How Fast Can Dolutegravir Reduce HIV Viral Load in Semen?

With sexual activity being a leading cause of HIV infection, researchers from the Bellvitge Biomedical Research Institute (IDIBELL) in Barcelona, Spain aimed to find how dolutegravir impacts the risk of HIV transmission.

infectious disease, HIV/AIDS, antiretroviral therapy, ART, pharmacy, dolutegravir

Dolutegravir (Tivicay) was first approved by the US Food and Drug Administration (FDA) in August 2013 to treat the human immunodeficiency virus (HIV). With sexual activity being a leading cause of HIV infection, researchers from the Bellvitge Biomedical Research Institute (IDIBELL) in Barcelona, Spain aimed to find how the drug impacts the risk of HIV transmission.

Not every patient with HIV responds to antiretroviral therapy (ART) in the same way. Customizing treatment is a key factor in acheiving an undetectable viral load. One option is dolutegravir, an integrase inhibitor taken orally once a day along with other antiretroviral medications. It works by interfering with HIV replication through its enzymes. In combination with other drugs, it’s proven to be safe and effective in treatment-naïve and treatment-experienced patients.

The IDIBELL team evaluated 15 men infected with HIV-1 who were treatment-naïve. They started on dolutegravir (50 mg) per day plus abacavir-lamivudine (600 mg-300 mg). Viral load was measured in the participants’ semen at days three, seven, and 14, as well as at weeks four, 12, and 24.

The findings showed that viral load fell significantly faster in blood than in semen during the first few days of treatment. However, viral load became undetectable in the semen faster than in the blood (<40 copies/mL; four weeks vs. 12 weeks). But the fall rate was more unpredictable in semen. This could be attributed to the fact that there are a greater number of viruses in the blood.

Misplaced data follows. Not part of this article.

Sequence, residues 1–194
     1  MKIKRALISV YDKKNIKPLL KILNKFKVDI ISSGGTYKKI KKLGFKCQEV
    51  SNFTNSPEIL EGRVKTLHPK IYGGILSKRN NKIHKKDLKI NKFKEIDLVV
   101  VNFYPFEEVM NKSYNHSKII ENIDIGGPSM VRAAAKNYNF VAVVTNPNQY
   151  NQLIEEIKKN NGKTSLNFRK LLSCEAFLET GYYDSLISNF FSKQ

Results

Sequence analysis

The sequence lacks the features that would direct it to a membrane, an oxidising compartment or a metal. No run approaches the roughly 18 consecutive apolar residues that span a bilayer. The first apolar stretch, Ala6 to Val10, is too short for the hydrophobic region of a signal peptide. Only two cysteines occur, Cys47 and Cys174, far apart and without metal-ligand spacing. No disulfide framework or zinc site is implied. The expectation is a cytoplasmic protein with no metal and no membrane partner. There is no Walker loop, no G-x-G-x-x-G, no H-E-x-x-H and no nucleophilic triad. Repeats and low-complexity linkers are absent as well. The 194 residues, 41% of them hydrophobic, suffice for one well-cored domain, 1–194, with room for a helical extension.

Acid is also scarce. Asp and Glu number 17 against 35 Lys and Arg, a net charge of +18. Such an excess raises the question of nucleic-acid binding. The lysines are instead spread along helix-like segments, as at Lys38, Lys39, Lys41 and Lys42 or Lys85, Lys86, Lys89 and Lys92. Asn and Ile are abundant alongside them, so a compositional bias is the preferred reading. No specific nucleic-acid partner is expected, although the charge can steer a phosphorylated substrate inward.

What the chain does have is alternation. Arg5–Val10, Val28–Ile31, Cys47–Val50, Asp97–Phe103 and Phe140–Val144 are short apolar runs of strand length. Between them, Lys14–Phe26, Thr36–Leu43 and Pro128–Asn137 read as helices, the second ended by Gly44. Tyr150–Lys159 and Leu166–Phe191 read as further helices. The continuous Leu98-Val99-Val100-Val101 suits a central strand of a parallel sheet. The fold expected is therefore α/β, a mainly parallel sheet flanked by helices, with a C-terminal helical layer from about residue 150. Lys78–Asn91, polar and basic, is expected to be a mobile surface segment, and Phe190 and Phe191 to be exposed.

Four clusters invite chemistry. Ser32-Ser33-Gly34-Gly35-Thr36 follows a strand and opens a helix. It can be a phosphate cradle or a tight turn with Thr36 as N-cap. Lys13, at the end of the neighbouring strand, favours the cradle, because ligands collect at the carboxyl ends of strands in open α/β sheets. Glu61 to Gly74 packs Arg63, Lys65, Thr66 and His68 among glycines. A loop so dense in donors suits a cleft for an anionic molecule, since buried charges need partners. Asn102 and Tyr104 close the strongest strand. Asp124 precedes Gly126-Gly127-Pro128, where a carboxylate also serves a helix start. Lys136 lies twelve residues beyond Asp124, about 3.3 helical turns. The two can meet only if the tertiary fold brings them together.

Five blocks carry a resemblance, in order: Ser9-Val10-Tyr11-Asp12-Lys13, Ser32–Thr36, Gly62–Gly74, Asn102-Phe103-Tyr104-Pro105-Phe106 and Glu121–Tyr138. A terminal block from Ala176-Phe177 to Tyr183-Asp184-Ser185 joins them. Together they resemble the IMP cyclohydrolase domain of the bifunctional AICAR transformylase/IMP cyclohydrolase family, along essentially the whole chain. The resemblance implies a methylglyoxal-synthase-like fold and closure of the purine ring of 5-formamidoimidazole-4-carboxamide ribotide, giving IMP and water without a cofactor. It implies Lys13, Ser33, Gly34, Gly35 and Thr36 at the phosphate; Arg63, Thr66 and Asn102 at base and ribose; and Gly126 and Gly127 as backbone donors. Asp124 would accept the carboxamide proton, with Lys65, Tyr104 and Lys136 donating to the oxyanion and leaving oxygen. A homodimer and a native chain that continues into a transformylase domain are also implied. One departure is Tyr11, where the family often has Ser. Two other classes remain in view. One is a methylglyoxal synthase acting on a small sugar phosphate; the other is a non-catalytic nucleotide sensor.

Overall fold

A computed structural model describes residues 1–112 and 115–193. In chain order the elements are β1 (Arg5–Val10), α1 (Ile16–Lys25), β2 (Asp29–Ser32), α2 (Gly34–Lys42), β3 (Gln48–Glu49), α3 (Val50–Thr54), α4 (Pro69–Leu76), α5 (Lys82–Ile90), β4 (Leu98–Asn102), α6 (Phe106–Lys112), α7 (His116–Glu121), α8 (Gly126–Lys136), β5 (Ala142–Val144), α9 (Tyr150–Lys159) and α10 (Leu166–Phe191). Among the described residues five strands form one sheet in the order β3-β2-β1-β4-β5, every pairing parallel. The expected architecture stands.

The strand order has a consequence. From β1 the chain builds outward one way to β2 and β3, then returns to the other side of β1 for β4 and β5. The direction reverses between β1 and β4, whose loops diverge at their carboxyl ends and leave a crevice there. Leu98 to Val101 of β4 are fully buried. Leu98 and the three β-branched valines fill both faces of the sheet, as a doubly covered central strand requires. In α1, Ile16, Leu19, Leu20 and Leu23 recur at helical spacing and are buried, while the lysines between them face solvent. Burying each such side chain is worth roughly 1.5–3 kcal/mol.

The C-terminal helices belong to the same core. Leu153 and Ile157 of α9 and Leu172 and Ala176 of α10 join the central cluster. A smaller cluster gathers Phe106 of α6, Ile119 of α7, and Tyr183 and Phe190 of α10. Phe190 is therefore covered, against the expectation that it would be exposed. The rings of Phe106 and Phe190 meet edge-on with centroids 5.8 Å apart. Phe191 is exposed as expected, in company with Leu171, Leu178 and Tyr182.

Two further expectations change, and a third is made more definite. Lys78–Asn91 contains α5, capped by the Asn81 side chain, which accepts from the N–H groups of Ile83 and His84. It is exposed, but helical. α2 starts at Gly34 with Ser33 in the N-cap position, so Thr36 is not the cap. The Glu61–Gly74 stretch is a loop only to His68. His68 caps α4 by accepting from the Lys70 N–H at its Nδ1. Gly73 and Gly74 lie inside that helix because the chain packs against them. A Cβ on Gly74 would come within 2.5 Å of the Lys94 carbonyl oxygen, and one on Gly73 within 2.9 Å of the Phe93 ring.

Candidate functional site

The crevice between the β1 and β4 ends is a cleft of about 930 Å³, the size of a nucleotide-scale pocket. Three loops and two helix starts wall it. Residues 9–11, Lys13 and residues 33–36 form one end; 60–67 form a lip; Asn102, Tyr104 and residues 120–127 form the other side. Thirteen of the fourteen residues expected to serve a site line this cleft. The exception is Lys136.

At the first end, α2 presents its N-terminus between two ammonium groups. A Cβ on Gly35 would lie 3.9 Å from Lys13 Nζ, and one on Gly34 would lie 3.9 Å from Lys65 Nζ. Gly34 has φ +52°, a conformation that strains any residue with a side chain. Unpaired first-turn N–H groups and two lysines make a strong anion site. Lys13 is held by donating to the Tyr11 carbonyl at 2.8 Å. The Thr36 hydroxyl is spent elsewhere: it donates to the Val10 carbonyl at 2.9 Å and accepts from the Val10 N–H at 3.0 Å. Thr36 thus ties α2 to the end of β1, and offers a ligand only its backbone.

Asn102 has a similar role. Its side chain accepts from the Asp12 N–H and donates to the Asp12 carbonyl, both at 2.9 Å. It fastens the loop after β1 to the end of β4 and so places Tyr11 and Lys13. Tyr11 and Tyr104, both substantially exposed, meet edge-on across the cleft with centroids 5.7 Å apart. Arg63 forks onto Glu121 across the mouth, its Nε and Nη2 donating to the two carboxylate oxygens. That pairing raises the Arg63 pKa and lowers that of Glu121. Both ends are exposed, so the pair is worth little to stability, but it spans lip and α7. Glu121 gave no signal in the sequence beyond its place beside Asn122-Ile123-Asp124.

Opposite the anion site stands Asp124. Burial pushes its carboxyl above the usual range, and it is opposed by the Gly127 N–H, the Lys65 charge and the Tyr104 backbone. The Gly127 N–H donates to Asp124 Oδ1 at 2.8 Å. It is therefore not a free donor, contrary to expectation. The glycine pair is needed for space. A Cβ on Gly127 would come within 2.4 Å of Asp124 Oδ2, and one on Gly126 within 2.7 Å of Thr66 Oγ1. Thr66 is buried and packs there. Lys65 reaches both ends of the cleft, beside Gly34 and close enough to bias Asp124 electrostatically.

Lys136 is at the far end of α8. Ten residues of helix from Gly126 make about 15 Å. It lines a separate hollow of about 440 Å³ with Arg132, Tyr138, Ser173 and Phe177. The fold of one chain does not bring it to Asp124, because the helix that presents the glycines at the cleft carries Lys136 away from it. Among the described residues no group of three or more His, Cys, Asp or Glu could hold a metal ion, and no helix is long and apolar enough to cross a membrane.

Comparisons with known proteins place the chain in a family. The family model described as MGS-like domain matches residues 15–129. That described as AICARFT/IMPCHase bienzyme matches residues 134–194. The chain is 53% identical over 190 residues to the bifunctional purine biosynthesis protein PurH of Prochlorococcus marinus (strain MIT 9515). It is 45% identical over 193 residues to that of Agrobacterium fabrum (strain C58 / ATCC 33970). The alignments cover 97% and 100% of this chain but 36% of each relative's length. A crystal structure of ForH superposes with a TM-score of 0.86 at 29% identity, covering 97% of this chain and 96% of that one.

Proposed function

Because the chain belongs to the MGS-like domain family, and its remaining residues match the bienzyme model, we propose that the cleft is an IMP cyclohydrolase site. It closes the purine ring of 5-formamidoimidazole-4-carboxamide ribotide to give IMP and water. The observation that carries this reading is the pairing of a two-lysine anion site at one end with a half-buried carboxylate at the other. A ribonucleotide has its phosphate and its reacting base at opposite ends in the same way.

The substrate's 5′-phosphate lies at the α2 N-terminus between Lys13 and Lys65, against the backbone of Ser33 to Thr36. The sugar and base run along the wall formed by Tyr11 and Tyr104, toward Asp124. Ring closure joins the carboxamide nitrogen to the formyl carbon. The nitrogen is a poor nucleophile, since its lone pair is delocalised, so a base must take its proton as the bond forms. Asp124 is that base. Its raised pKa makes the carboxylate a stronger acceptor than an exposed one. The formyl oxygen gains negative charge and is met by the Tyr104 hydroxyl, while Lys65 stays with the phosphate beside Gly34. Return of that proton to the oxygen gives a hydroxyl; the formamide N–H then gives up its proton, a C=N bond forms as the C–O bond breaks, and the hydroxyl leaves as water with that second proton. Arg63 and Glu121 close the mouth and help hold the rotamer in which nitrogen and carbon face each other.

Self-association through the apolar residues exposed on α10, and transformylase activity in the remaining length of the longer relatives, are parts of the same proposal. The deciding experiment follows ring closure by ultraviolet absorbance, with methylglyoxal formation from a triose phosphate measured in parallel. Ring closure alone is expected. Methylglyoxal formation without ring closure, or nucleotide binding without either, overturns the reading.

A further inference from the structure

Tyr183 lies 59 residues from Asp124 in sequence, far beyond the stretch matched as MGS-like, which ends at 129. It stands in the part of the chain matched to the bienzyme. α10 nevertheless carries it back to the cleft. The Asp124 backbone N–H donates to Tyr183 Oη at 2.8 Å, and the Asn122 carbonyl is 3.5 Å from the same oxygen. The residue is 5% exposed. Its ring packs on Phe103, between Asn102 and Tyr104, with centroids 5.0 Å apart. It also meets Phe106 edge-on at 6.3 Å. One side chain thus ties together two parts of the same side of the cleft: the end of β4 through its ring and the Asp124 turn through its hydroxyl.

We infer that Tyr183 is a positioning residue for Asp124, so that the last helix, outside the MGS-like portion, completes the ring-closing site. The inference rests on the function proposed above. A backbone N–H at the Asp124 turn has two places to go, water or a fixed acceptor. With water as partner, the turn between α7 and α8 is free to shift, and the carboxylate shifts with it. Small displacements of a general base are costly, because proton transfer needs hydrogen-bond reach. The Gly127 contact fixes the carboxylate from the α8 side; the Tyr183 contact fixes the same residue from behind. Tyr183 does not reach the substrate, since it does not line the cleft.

Notably, the relationship between drug concentration in semen and viral load was unclear.

“The concentration of dolutegravir in semen is more than enough to ensure viral load drop in this reservoir, because even though only 7% to 8% of the drug in the blood reaches the semen, the proportion of active drug is much higher than what the observed in blood. This was something that we did not know until now,” Daniel Podzamczer, MD, from IDIBELL’s Infections of the Respiratory Tract and in Immunocompromised Patients group, explained in a news release.

More research is needed on sexual transmission risk with dolutegravir, and HIV medications in general. But this study published in The Journal of Infectious Diseases affirms that the drug not only reduces that risk, but it does so quickly.

“Our study reinforces this decision, especially in light of the current HIV transmission landscape. If we reduce the time of viral load drop we clearly reduce the possibility of transmission, especially in groups at risk,” said first author, Arkaitz Imaz, MD, PhD.

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